Natalie Walkley
BrainTrust
Natalie Walkley
Director, enVista & Enspire Commerce OMS
6 months 21 days ago

Creating a strong community is a surefire way to create raving fans of a brand. Seth Godin refers to this as a tribe. Consumers are able to connect with other like-minded people. However realistically speaking bigger brands will have an easier time creating large communities (Nike, Lululemon, Build-A-Bear) than smaller brands. Nonetheless, we’ll see more “micro” communities from smaller brands, if nothing more than an online group or forum.

Shawn Harris
BrainTrust
Shawn Harris
Board Advisor, Light Line Delivery
6 months 21 days ago

Like we have seen in enterprise technologies, this sounds like the move from products to solutions. Creating a digital community is a consumer solution and a must for brands if they want to build and maintain a relationship with consumers, otherwise they will be intermediated by social media or other shopping aggregators, subsequently needing to pay for access to their own customers. Deeply understanding why shoppers choose your brand is critical to aligning on what technique will enable you to double down on your core value to shoppers.

David Naumann
BrainTrust

Creating a digital community of loyal fans is a great way to create an emotional bond with the brand. While it might not make sense for brands that sell commodity products, digital communities are a great fit for experiential brands by providing consumers a platform to share experiences, ideas and tips with the community. Brands that are an ideal fit for digital communities include those focused on fitness, beauty or cooking products where the products are experiential.

John Orr
BrainTrust

For most brands, it is core to what experiential retail is all about. Too many limit what experience is to the interaction and ultimate conversion goals. However, building a community requires selfless investment and a genuine interest in each customer/prospect that is meaningful to them primarily — with the business outcomes a natural result of doing it well.

Kohl’s partnering with Amazon primarily targeted convenience and allowed me to help my parents with returns — that for an 88 year old can be daunting. However, Kohl’s offered me the opportunity to help my parents save time, money, effort, and anxiety by making it simple for me to help my parents. That experience and others like that go beyond conversion and impacted my life in a meaningful way — which builds brand image and a loyalty as a derivative.

Mohamed Amer, PhD
BrainTrust

Building digital communities will be an essential element in a brand’s marketing strategy. Care is required in selecting the categories and third-party partners. Flagship digital communities bring significant benefits, but carry unique risks vis-a-vis traditional marketing approaches. The largest brands will find flagship digital communities more feasible to build than smaller brands that are likely to implement some elements of this strategy.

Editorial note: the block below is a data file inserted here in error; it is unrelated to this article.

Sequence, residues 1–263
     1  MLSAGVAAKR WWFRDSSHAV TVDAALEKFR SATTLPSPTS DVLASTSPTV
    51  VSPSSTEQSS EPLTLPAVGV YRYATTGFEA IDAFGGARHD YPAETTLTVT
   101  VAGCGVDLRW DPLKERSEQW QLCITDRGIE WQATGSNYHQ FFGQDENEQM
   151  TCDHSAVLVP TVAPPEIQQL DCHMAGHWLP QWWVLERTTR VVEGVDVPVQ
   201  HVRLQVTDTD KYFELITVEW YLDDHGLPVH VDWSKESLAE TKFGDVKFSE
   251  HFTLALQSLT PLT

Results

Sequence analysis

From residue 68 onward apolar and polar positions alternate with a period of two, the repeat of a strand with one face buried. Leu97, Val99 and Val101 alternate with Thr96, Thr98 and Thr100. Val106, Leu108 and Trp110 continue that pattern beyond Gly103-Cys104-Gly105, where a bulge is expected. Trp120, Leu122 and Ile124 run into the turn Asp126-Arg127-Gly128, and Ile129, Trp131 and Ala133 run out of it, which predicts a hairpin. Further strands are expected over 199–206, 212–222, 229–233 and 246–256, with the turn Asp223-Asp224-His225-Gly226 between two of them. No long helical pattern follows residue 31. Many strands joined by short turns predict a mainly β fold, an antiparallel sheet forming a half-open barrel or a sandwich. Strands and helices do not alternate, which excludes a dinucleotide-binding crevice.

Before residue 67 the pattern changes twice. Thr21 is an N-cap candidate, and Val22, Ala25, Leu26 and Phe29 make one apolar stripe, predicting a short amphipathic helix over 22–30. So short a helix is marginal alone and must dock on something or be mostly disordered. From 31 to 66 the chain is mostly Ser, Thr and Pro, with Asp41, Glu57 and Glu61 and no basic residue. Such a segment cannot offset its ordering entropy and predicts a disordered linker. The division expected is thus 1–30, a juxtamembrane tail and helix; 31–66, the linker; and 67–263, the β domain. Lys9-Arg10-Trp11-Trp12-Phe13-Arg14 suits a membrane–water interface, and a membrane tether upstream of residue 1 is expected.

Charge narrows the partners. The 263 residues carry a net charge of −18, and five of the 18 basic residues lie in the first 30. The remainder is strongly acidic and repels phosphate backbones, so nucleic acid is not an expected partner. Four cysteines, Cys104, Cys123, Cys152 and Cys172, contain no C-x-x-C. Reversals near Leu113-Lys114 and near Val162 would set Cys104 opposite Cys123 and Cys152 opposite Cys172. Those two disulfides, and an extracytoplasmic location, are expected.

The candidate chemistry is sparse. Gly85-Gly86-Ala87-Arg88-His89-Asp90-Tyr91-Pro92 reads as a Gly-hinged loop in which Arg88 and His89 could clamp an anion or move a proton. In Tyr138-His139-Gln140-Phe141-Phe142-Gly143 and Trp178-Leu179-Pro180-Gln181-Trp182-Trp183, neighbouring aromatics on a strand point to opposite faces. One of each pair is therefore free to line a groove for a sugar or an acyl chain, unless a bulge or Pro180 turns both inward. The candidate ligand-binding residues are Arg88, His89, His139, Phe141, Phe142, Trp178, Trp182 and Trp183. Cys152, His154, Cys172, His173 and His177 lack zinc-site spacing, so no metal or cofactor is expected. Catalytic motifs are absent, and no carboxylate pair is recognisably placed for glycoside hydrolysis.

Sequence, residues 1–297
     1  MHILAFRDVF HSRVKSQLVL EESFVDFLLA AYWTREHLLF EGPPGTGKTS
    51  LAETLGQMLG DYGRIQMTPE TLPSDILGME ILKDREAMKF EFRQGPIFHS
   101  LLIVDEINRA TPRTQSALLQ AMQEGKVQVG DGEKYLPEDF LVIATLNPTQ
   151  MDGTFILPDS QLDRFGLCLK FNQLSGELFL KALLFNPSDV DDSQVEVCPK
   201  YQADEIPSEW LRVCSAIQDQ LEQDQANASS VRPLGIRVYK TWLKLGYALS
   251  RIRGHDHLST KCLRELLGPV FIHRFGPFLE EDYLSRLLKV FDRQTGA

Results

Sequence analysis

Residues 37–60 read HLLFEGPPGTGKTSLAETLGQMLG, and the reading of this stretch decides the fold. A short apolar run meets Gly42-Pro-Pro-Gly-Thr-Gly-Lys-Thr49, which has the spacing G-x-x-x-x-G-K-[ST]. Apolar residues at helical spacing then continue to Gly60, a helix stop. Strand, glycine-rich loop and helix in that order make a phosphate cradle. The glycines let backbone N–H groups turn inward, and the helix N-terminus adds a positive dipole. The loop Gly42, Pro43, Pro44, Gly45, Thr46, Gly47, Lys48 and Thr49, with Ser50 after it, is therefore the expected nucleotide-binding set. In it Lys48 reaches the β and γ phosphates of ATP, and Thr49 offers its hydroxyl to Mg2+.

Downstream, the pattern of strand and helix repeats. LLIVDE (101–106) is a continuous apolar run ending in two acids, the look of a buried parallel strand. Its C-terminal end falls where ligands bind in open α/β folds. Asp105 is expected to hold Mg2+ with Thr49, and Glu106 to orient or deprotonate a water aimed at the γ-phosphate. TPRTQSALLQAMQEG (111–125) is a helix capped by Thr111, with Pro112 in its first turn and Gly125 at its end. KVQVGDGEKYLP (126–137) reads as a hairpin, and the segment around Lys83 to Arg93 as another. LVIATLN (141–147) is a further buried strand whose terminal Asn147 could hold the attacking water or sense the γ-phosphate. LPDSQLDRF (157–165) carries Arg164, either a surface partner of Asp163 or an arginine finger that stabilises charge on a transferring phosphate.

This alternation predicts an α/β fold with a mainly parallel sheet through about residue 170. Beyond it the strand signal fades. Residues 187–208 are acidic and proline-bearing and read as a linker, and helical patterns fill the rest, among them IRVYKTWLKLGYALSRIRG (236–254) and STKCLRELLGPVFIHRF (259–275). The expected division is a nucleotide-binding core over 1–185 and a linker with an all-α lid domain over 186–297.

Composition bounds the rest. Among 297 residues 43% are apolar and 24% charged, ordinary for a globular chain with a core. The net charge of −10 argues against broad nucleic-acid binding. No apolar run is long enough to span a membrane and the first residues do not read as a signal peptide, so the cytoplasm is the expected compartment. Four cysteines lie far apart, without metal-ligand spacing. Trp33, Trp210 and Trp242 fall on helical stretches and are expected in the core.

Anil Patel
BrainTrust

In today’s era, digital communities are essential for building customer loyalty to brands. These communities must be lively, truly cohesive, closely knit, and highly engaged. But it is true that creating and nurturing a digital community is no play. A brand must know its customers’ needs, wants, and desires. And create one such digital community that can cater to these elements irrespective of the product or service.

Creating digital communities in this way is not only practicable but also a high ROI initiative for the brand. Being customer-centric or customer-first is the key. But with a good digital community is far-fetched if a brand becomes product-centric. The product is only one piece of the puzzle; the rest is determined by the customer’s interaction with the brand.

The study does an excellent job of highlighting the challenges and pitfalls of digital communities. However, no study can really capture the entire picture. It undoubtedly clarifies consumer behavior on digital platforms. However, rather than the hard truth, it should be viewed as a great source of insights.

wpDiscuz
Braintrust
"Digital communities - including Metaverse communities - are the next big thing for brands -- but only for those in high involvement categories."
"Like we have seen in enterprise technologies, this sounds like the move from products to solutions."
"Creating a strong community is a surefire way to create raving fans of a brand."